Beleth (NOCTEM): I started listening Bathory when I was 16-years-old. I remember when I heard Bathory for the first time, I was like "wow, this band appeared on the Scandinavian Metal Attack compilation album the year I was born and sounds more fucking brutal than any music nowadays!" A couple of years later, I considered Bathory one of my favorite bands.

Luxi: How significant and important are Quorthon's works to your career as a musician, as well as to your band(s)?

Chuck (ARES KINGDOM): Vital. His songwriting and lead style had a profound effect on me, even after I had found my own voice, so to speak. I always loved his lyrical style, as well.

Nuclear Holocausto (BEHERIT): Bathory had a huge influence on Beherit's Drawing Down the Moon album, especially in creating the atmosphere.

S.A. Destroyer (NOCTURNAL BREED): Quorthon meant a lot to all of us in the Black Metal scene in those early days, and still does. He showed us all how to blend the inspirations from other black music into a spear point of Black Metal. In a way, he spurred us all on by paving a much more darkened and introverted path in the music business. As I see it, this path was filled with the up and coming first waves of the Black Metal scene. When I played in Gehenna, we were very inspired by the First 4 Bathory albums, above all others, and we listened to this stuff endlessly. I was spending a lot of time alone in the forest at this point of my life and, with Bathory on my cassette Walkman, it made for magical feelings and deep thoughts as to why and how I wanted my music career to be. The spirit of "Do It Yourself" was very much a mantra for us in Gehenna, as we didn't really care what other bands were doing and stuck to our convictions and belief in our own work. And later, when I joined Satyricon, that same root was deeply embedded there as well. Frost and I listened to the old Bathory stuff thousands of times and discussing the essence of the music and integrity of it etc. And I also remember Nocturno Culto (then Kveldulv) had a complete hookup on the bass sound on The Return... album and it was the best bass sound ever. In fact, as we were rehearsing the Nemesis Divina album, Satyr hooked up with Quorthon to try to get him to do some guest appearance on that album. But, for some reason unknown to me, it never happened, which is too bad! I remember having a hushed talk with Dolgar from Gehenna about this. And as he said, "I'm not sure I really want to meet Quorthon. What if he turns out to be a fucking dickhead." That would truly ruin one of our most influential inspirations of all time. And I guess there's something to that and I think it says a lot for the quality and importance of Quorthon's music for us all. I spent some time in Aeturnus while getting Nocturnal Breed on foot. I joined them mostly because I think their first EP has some of the best Bathory qualities it in the Black Metal scene. It was a pleasure to play that music with them.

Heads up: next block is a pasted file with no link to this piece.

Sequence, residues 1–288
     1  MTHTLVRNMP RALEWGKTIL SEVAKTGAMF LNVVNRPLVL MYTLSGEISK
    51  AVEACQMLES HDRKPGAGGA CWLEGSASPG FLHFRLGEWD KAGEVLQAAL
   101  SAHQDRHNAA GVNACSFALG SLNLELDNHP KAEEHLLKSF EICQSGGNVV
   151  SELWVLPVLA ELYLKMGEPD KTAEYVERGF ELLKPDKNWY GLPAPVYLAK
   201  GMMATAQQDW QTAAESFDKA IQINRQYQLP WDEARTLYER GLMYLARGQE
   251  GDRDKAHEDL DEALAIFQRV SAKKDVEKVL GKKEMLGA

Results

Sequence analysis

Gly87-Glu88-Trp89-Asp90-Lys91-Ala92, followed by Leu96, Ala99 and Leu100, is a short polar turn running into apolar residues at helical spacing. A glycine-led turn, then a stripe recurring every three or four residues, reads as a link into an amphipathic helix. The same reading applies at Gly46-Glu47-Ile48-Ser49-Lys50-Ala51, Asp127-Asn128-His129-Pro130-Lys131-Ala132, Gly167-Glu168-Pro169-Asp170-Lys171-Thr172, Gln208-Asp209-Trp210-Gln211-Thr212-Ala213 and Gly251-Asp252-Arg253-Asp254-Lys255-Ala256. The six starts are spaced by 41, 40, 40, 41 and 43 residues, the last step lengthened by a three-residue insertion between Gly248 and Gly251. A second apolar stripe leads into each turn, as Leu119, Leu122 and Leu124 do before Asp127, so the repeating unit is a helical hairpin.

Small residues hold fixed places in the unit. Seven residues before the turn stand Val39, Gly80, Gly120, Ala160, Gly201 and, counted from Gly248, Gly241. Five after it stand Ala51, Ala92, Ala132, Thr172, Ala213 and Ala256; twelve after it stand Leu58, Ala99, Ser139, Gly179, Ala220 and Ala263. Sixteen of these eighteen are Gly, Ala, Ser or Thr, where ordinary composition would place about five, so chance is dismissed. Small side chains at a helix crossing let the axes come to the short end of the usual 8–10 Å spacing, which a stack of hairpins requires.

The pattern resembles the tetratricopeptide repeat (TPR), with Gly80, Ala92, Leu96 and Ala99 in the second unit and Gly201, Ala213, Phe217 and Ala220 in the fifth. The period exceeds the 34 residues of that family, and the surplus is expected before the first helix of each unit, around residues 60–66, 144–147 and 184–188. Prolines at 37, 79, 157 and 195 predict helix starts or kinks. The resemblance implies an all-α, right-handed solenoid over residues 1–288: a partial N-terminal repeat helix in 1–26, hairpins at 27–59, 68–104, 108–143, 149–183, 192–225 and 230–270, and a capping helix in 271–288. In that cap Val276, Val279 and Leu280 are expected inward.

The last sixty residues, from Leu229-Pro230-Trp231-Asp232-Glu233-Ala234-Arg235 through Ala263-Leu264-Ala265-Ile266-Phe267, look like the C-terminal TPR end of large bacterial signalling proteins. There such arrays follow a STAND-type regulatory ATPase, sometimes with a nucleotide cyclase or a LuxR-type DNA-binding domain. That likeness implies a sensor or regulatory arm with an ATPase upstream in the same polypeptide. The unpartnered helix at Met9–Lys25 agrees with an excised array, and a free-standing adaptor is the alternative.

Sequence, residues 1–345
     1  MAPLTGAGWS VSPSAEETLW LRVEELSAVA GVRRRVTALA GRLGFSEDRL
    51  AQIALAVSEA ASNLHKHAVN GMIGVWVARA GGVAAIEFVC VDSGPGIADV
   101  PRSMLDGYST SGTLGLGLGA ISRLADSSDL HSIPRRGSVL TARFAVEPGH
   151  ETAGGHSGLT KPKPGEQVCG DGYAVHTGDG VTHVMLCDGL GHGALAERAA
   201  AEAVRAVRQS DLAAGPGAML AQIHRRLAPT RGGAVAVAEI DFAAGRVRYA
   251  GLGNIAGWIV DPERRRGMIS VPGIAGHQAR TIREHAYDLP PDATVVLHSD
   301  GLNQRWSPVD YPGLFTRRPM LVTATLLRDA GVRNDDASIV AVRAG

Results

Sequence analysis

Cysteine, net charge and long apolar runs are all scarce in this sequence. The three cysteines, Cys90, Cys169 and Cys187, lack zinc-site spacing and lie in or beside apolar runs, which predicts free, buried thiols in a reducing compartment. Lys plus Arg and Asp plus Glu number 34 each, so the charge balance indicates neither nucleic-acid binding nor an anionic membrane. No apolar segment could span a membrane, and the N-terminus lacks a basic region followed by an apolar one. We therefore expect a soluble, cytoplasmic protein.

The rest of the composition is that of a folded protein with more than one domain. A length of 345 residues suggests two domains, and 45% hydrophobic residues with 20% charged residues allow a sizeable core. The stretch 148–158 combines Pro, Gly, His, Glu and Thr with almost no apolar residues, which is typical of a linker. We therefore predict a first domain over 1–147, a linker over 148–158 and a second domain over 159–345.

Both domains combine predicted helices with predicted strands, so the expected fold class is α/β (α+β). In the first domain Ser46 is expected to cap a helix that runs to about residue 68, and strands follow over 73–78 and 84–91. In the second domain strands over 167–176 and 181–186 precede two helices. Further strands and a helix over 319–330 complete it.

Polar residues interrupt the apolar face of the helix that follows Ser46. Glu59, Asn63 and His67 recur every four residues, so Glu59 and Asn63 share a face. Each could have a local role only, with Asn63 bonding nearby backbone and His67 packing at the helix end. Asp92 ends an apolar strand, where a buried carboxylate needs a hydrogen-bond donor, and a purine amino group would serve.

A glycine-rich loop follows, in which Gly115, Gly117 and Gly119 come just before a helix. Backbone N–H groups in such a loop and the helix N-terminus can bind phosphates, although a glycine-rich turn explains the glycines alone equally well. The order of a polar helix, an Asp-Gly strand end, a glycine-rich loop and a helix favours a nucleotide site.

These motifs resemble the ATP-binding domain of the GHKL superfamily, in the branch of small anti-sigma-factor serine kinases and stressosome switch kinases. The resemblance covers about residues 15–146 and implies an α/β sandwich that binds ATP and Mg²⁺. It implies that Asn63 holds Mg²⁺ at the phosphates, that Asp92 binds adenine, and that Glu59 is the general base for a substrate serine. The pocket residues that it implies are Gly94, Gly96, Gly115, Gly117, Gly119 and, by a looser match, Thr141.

Then I was off to do Nocturnal Breed and, personally, I must say that Bathory was the main inspiration for tracks like "Possessed" and especially "Armageddon Nights." Even my stage clothes and appearance in Nocturnal Breed is inspired by Quorthon. I love them bones and leather, he-he!! ;) As for music I play that is the most inspired by Bathory, I must say that my solo project Svartalv falls closest to the tree. It is much more atmospheric and ambient, but is totally inspired and influenced by the feelings Quorthon inspired in me many years ago.

Rick (SADISTIC INTENT): One thing a lot of people may be surprised with nowadays is that Quorthon stated in an interview back in the mid 80's that Bathory was a "Death Metal" band! With that in mind, when I think of the early Bathory era, I still make that connection to old school Death Metal and that is significant to Sadistic Intent, Death Metal darkness...

Henri (MOONSORROW): As a musician, I'm very influenced by the way he used sound effects and powerful stories to blend with the dramatic music in order to paint pictures for the listener. When it comes to my bands in particular, I believe that no one who has heard Moonsorrow can deny the obvious influences of Bathory in our music. Without Bathory, Moonsorrow would have never sounded "as is".

Jørn (HADES ALMIGHTY): Quorthon's work throughout the years means a lot for Hades! In fact, I picked the name "Hades" from Bathory's first song on their first album. Hades' music is inspired by both Quorthon's early days as well as his recent works. I can promise you that, if Bathory never existed, Hades' music would have been very, very different. I honestly believe that all of Black Metal would have been totally different, too.

Johnny Nuclear Winter (AXEGRESSOR): When I was a member of Hellbox, we played a Bathory tribute show concentrating on the first three albums (Moonsorrow played the Viking songs that night). That's probably the only direct connection to Quorthon's works when it comes to the musical expression and direction of the bands I've been involved with.

Personally, at first, I first found it irritating when Bathory released the Hammerheart album and suddenly Quorthon sang only with clean (or, well, "clear") vocals. At that time the only acceptable vocal styles for my teenage ears were screams, grunts and growls, he-he...